A BEAUTIFUL MIND (2001) Rating: 10/10 A Beautiful Mind's greatest achievement, in my humble opinion, is the way it makes schizophrenia accessible to "sane" people. The general public knows schizophrenics tend to talk to themselves, repeat certain actions and do things generally at odds with the norm. But why? It's nearly impossible for a "sane" individual to understand why this happens...and more importantly, what that feels like. Without this essential empathy, many people become frustrated with the mentally ill, asking why patients can't pull themselves together and just bear up. We express this same impatience with the criminally insane who act upon delusions with disastrous results. It is incomprehensible. A Beautiful Mind does all it can to change that, and it succeeds. Unless you are familiar with John Nash's story, you probably won't guess he's schizophrenic until part-way into the movie. He's eccentric, abrupt, and highly intelligent, but doesn't seem crazy. His delusions are as real as reality to Nash, and likewise, they are real to the audience, who cannot tell the difference between truth and delusion. Incidentally, I came across a review from a "professional critic" who blasted A Beautiful Mind for including "all that spying stuff that had nothing to do with Nash's work that was thrown in for Hollywood thrill." I feel bad for that chap, since he missed the entire point of the film. But that just proves Ron Howard's genius in creating a picture of insanity indistinguishable from reality. There are some truly shocking moments in A Beautiful Mind. When Alicia finds her husband's secret cache of newspaper clippings behind their house, I was eerily reminded of Jack Nicholson's wife in The Shining discovering his endless, typewritten pages of the same phrase. The scene that follows, culminating with Nash's realization that his delusions are indeed a false reality is brilliant. In a moment, remembering Marcee, Nash has a flash of insight, and he finally accepts his illness -- ironically, through his intellect. When Nash imagines that someone is going to harm Alicia, he lunges at her -- and only through his eyes do we see how a seemingly senseless act of violence is a gesture of love, filtered through the smog of delusion. Now my take on the acting: Superb in every sense of the word. Russell Crowe is incredible. I can't stress that enough. There's never any question about the authenticity of his character. Crowe doesn't rely on his elaborate makeup to age Nash -- his walk, words, and voice do that elegantly in the movie's end. Crowe will get at least another Oscar nomination out of this one. And, he better win. Jennifer Connelly is amazing as well. And when Crowe and Connelly are put together, extraordinary chemistry erupts, they just gel together, they really belong with one another. Some people have had problems with the romance part of the movie, saying that the way John and Alicia even started seeing each other wasn't very realistic and why Alicia would stay with John after he becomes distant. But, I think that maybe it started out as just a crush, you know, and the math question she showed him was just her excuse for going to his office and she already knew she was going to ask him out before hand. Maybe she's just attracted to the kind of person Nash is? Who knows? A lot of people are attracted to the "weirdest" things sometimes. The crush took over the fact that he sort of insulted her work and she still asked him anyway. When you're around someone you like so much you can't help but be fooled by them. I can't really explain it, but I can understand why she still asked him to dinner. And I guess if you love someone as much as Alicia loved John, then you would stick with them through anything. Even how distant he became, she still stuck with him. Moving on, I think Ed Harris is, as always, great. Harris continues to prove that, simply because he's flawless. With delusions like these, no wonder Nash was torn between treatment and "spying." Simply put, A Beautiful Mind is a film which extends far beyond the 2 hours and 15 minutes that you will spend viewing it in the theater. The characters continued to haunt me after the movie (and still do), thanks to the Oscar-inducing performances by Russell Crowe, Jennifer Connelly and all of the supporting players. They are not merely acting, yet are transformed into the characters, leaving no trace of a line between their part and reality. Of course a film is only as good as a screenplay would allow, and the story contained within is written in a way that compliments everything that is truly great about A Beautiful Mind. Ron Howard contributes truly inspiring work to this film, and I hope that the critics remember him when awards are being given out. All I can tell you now is that if you're looking for an emotionally-charged movie that will make you cry, but still filters in some very funny moments as to lighten things up every now and then, with near perfect acting, cinematography, directing, editing and a screenplay which will cause the story of John Nash to inspire you, then consider A Beautiful Mind. I hope a lot of people see this film. Not just because Russell Crowe is a hunk or because it's a Ron Howard piece, but because you will learn something important. You will learn why compassion is an absolute must when dealing with the mentally ill. You won't glare at the next person you see muttering to themselves. And when someone you love is dealing with a disorder, be it schizophrenia or depression, you won't ask them to "pull themselves together." You will understand why they need your love -- because they are just as confused as you are. In closing, if Russell Crowe isn't awarded the Best Actor Oscar this year, then my faith in movies and its rewards system will be seriously tarnished.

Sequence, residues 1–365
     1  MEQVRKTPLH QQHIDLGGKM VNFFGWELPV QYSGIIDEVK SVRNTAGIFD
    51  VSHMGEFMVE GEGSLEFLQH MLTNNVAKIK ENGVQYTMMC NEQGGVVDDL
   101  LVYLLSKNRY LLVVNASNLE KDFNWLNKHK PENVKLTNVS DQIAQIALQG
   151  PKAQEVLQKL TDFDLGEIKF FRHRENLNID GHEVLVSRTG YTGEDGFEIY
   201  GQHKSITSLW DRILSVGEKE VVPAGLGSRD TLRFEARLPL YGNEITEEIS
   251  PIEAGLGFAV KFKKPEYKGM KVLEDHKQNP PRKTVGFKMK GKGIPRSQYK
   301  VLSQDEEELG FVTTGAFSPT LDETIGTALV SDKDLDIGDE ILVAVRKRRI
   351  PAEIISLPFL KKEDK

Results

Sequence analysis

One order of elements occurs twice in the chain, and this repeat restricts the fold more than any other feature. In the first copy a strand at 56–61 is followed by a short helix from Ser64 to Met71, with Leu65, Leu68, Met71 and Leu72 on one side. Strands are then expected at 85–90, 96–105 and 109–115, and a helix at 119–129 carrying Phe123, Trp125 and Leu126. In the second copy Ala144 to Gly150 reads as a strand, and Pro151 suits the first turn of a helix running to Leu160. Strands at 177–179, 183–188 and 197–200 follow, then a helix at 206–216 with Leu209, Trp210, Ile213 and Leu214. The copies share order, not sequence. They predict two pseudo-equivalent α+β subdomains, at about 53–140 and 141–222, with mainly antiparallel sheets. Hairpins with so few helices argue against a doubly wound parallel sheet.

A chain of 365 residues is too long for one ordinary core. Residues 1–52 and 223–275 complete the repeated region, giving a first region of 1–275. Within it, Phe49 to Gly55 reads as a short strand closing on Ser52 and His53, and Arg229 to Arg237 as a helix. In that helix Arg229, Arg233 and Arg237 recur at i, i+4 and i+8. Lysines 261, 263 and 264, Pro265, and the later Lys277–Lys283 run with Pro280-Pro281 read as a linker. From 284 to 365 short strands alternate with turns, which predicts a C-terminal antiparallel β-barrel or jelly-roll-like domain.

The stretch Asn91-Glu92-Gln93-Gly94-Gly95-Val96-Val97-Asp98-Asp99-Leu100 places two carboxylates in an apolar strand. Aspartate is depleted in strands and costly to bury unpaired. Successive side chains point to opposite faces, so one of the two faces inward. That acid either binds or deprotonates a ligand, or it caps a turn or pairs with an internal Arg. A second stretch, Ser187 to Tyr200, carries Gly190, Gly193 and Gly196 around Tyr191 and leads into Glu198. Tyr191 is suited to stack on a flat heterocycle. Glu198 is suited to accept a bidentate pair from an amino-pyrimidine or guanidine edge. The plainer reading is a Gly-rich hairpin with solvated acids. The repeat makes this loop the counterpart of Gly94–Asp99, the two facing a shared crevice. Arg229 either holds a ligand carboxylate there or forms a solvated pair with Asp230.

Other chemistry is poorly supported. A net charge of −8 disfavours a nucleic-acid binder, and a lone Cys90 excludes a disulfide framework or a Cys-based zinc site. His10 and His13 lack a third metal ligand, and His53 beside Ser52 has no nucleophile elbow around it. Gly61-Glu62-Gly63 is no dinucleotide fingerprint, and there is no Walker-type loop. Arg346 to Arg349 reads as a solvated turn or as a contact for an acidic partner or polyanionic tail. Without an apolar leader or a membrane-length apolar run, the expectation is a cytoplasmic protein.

I think its a good idea to know as little as possible about this movie before seeing it. Now that I've seen it, the commercials on television seem to be giving away too much. With that in mind DO NOT READ THIS IF YOU HAVEN'T SEEN IT! Its a hard movie to pinpoint. Its not like any other movie I've ever seen, in that a character exists that is not real. John Nash's mind is the reality of the movie and its not until the movie is half over that you realize this and its jarring that you've been taken on a ride with this man's illness, and accepted it as the real world. Its also a very heartbreaking thing. From the middle point, John and you see the world differently because he starts to receive treatment. Russell Crowe does not overdo it for a minute and turns in his customary brilliant performance. Would not surprise me at all if he were to win his second Best Actor Oscar in March 2002. He really is that good. Just as good but with less screen time is the beautiful and beautifully talent Jennifer Connelly, who the world may finally get to see in a mainstream movie. Her chemistry with Crowe is vital to the movie and neither of them disappoint the audience at all in that respect. I enjoyed it immensely and felt like I had seen a movie when it was over. I was shown a person at their best and the worse and everything in between, by a masterful actor at the top of his game. I am sure Ron Howard deserves a lot of credit that he won't get, too.